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Only Charli XCX Could Get Brooklyn Gays to Midtown

Photo: Depop

On a recent Friday evening in April, the queer community usually found dancing and drinking and dragging in the bars of Bushwick migrated to a line wrapped around the Hammerstein Ballroom on 34th Street. Only one woman could have prompted this: It was, of course, the line for a Charli XCX show.

I knew the energy fans would bring for this two-night stop on the Crash tour would be intoxicating, and the Angels did not disappoint. Some dressed up as the Crash album cover, complete with fake blood splashed onto the temple. Others incorporated signature elements of Charli’s style: platform boots, tiny skirts, black leather. On the GA floor, smushed between my roommate and a group of grad students discussing a thesis project on Mariah Carey (something I deeply need to read), I watched a couple pass the time before the lights went down by making out, their matching indoor sunglasses bumping against each other. A few rows ahead of me, an arm holding an iPhone shot into the air, rotating so everyone could see the screen, which read, in large white letters on a black background: “BLOW?”

When the show did begin, the anticipatory energy frothed over. I felt the (very solid!) floor bouncing beneath me as the crowd pulsated. And Charli matched the crowd’s enthusiasm twice over; as a performer, she manages to perfectly hit every beat of choreography with equal parts ferocity and freeness; it’s perfection without restraint. It was an incredible show, with a visual mood (and costume change) for every act.

Over the years of career progression she’s experienced since she started writing songs at the age of 14, her style has evolved in tandem with her music. Every album represents a personal fashion era almost as much as a musical one. So it makes sense that her very own Depop collaboration launches today, giving fans the chance to shop some of her signature pieces to benefit G.L.I.T.S., which works to ensure health care and housing for LGBTQIA people.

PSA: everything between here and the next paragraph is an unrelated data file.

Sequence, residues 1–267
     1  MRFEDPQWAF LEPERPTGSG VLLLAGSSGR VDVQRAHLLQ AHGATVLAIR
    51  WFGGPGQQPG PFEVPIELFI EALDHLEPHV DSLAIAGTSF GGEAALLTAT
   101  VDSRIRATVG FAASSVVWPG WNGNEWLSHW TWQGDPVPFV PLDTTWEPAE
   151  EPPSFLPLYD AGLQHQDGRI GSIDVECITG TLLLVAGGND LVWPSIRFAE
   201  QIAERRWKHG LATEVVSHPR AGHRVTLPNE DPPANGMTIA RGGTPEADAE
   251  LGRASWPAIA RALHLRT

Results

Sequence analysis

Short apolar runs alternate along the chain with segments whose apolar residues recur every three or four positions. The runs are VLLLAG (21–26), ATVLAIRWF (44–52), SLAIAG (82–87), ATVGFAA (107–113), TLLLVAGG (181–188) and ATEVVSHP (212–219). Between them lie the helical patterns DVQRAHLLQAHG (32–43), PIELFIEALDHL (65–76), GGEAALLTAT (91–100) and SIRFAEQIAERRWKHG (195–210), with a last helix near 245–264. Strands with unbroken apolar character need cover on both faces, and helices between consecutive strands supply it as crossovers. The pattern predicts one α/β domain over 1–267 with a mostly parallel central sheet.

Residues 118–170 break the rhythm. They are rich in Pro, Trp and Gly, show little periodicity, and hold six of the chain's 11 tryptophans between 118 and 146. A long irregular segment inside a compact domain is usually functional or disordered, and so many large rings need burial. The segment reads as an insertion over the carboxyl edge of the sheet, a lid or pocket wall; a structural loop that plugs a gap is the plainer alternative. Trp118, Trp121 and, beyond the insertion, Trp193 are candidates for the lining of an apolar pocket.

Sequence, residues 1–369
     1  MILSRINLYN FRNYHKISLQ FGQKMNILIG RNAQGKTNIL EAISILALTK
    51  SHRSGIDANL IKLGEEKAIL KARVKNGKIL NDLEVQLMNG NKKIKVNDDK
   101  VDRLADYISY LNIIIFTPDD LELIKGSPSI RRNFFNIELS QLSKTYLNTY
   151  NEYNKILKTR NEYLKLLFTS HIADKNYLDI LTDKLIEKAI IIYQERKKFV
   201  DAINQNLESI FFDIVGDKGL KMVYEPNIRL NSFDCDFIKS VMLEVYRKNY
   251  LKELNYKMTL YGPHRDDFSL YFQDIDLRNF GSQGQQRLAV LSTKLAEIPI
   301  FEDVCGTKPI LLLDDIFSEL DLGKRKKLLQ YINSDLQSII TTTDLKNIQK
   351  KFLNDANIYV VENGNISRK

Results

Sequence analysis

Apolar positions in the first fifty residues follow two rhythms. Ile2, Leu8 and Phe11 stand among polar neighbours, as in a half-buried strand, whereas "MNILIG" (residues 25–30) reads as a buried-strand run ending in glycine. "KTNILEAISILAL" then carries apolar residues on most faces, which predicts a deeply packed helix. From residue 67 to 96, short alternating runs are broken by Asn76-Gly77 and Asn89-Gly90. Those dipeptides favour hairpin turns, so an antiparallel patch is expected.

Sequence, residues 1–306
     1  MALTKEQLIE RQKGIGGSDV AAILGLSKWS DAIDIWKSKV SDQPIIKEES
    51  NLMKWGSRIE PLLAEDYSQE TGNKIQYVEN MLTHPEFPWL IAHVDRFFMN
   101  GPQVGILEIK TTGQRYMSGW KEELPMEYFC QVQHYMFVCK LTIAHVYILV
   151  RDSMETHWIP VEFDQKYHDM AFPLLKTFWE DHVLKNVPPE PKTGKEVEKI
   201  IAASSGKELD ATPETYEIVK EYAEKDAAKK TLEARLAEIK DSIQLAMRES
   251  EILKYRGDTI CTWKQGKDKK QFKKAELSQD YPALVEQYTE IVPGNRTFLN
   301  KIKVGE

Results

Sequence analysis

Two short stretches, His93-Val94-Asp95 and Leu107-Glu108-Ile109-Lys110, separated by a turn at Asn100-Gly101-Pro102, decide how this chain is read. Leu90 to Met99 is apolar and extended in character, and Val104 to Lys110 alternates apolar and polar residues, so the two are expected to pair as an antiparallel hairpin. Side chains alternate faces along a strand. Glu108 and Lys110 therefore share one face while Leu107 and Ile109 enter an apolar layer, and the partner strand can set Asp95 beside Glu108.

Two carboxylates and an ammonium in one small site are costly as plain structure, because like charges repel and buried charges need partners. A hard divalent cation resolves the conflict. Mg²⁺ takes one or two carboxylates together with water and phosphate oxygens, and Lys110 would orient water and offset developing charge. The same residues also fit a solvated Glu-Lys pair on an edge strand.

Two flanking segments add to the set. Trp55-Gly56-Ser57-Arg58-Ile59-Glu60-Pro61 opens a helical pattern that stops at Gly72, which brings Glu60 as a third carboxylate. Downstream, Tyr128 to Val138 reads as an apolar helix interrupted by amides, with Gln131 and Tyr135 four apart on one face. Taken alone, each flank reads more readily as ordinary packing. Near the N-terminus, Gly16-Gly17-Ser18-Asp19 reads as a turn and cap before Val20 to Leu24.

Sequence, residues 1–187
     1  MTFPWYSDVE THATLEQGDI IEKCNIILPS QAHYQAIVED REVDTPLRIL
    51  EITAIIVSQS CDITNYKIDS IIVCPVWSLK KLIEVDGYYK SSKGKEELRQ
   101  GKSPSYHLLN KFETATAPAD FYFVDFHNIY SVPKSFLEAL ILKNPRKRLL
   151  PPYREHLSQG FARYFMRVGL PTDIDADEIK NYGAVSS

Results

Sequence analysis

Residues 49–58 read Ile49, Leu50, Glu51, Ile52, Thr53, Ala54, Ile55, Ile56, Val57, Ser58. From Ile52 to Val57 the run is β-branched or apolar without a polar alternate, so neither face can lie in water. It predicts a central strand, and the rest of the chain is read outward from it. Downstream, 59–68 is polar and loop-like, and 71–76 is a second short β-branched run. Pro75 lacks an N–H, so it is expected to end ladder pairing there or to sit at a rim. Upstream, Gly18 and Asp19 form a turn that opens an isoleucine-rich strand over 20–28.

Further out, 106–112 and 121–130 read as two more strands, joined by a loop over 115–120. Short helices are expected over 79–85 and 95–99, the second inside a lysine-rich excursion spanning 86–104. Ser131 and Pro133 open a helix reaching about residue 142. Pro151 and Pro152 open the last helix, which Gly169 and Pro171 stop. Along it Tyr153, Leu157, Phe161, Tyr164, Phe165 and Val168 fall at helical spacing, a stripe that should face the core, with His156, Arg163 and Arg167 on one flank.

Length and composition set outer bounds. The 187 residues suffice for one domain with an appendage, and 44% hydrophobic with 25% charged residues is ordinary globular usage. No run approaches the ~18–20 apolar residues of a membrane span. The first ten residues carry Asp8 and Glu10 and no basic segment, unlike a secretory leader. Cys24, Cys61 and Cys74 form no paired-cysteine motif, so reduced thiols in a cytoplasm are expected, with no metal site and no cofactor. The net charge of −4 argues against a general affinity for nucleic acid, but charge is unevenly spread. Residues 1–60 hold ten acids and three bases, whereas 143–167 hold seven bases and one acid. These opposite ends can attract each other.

I counted five outfit changes at your show on Friday — tell me about them. 

Firstly, the outfit changes in the show are stressful. I think they all happen in under a minute. And it is very fucking hectic. But when it comes to the actual clothes themselves, myself and my stylists really worked on trying to create clothes that were reflective of what was going on in the show. The shapes, the colors, the cuts, we really wanted to help amplify this vamp ’80s world that I’ve been creating. We had L.A. Roxx and R&M Leathers make custom pieces for the show, which feel so perfect and right.

They have to be really easy to perform in, because I like going a little crazy and dancing and doing my thing. And practical, which … I suppose the custom Canada Goose puffer jacket maybe is not the most practical outfit choice, but I like it. It’s very cute. It’s very hot, but it looks very good. I pair that with these amazing, reflective Celine glasses, which I absolutely love. I really love all the outfits — I feel really empowered and sexy in them.

My personal style is constantly evolving. With this record, I was very inspired by these vampy B-movie actresses and just the idea of being really comfortable while feeling sexy; owning your body and that feeling of fire and fierceness.

You’ve had a lot of car imagery throughout your discography — what is it about them that speaks to you?